How To Order Coffee In Valencia
With so many local takes on coffee in Spain the number of this addictive drink’s names in Spanish regions can be overwhelming. Use this guide to learn how to order your coffee in Valencia… And enjoy ordering all of the coffee types like a pro!
This coffee guide was originally posted on September 18th, 2016 and updated on August 18th, 2017.
Café Solo – A Typical Morning Coffee
A shot of espresso – café solo.
Valencians (and Spaniards in general) usually start their day with café solo. It is simply a shot of a black coffee (espresso).
Café solo is served in a tiny espresso cup. If you need extra caffeine to keep exploring Valencia, order a double portion: un café solo doble por favor!
Café Cortado – Just A Touch Of Milk
Café cortado is a shot of espresso with a short dash of milk. A very small difference in color from café solo.
Very popular among locals in Valencia.
A café solo or café cortado are the most common digestive endings of lunch in Spain.
Café Con Leche – Not a Cappuccino!
Café con leche – a delicious Spanish coffee with milk foam.
If you love cappuccino, this is the closest version you will get in most bars in Spain.
If you venture out and order a cappuccino, what you might get is a whipped cream from a dispenser on top of your coffee – not ideal!
So for those who enjoy a milk foam, there is café con leche. Your server will usually make the effort to warm up the milk before adding it to your café.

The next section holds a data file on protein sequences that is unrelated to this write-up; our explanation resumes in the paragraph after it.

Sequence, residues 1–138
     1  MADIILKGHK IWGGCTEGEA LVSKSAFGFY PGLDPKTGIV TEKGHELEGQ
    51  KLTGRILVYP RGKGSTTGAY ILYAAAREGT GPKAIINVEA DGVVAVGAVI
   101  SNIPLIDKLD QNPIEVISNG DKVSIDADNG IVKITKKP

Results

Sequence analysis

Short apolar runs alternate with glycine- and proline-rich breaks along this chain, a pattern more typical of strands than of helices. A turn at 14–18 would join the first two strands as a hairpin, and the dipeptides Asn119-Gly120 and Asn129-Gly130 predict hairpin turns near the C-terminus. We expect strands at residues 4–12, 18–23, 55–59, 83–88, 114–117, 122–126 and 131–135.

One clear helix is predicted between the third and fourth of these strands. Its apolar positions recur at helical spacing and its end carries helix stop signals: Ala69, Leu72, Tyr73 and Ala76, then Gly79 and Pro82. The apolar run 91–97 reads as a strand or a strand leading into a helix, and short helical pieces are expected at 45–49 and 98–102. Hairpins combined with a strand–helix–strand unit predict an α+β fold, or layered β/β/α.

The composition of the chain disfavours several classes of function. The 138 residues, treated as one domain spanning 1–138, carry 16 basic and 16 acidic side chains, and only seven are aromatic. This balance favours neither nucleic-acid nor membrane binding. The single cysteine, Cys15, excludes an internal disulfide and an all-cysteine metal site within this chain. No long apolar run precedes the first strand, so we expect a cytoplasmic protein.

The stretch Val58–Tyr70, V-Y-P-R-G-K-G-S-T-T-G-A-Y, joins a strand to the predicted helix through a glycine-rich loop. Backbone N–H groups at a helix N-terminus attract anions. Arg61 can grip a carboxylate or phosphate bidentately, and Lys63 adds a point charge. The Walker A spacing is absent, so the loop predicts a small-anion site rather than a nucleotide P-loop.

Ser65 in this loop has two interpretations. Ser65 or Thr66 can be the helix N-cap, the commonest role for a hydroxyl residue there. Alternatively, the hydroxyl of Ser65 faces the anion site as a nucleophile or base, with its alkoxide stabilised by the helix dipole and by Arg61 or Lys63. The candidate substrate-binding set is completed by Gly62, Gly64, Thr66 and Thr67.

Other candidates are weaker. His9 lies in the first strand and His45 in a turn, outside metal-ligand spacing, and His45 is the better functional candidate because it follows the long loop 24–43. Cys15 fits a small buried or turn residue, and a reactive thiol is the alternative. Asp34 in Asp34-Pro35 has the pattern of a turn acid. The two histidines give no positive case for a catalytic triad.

Café Largo – American Coffee
A typical breakfast enjoyed across Spain – a café con leche and a couple of toasts with tomato and jamón serrano.
An espresso shot with lots of water added to it – café largo de agua, also called café americano.
Many foreigners, who are not used to the strong Spanish coffee, will opt for this.
The names ending in “et” are in the Valencian language, so you know this coffee is especially loved by locals in Valencia.
This is an espresso shot with a small amount of brandy or another alcoholic beverage of your choice.
An espresso shot with a bigger proportion of brandy or another alcoholic beverage, than tocaet.
A popular coffee drink during colder months and an intrinsic part of the traditional Valencian breakfast esmorçaret (almuerzo in Spainsh), when office workers go to a nearby bar at 10 am for 20 minutes to enjoy their stuffed bread roll, office gossip and a cup of carajillo (or a glass of wine!)
Cremaet – The Most Valencian Coffee
Valencian coffee “cremaet”.
It takes about 5 minutes to prepare a good cremaet. So what is it?
An espresso shot with alcohol of your choice. But that’s not it.
First, the alcohol and sugar are burned together (“cremar” in Valencian means “to burn”). A piece of lemon zest and a couple of roasted coffee beans are added for extra flavor.
Not all the bars would serve cremaet, simply because it’s time consuming to make one! (See video below).
Cremaet is served in traditional classic bars and taverns. Look for it at bars that serve Valencian substantial mid-morning breakfast – almuerzo!
Café Del Tiempo – The “Weather” Coffee
Café del tiempo in Valencia.
Known outside of the Valencian Community as cafe con hielo (coffee with ice), this is an espresso accompanied by another glass -with ice in it.
Add sugar to your coffee, if you like, stir and pour it over the ice – voila! Your summer iced coffee is served. Many times in Valencia a slice of lemon is served along.
Try ordering café del tiempo in other parts of Spain – you will not be understood! (Say “café con hielo” instead).
An espresso shot with a generous dash of condensed milk. No wonder it receives the name “candy”!
A perfect sweet ending to your meal in the colder months in Valencia!
Now that you know how to order coffee in Valencia, maybe you would like to discover traditional and modern Valencian tapas? Come on my evening tapas tour to spend a fun evening in a small group while sampling great local tapas and wines!
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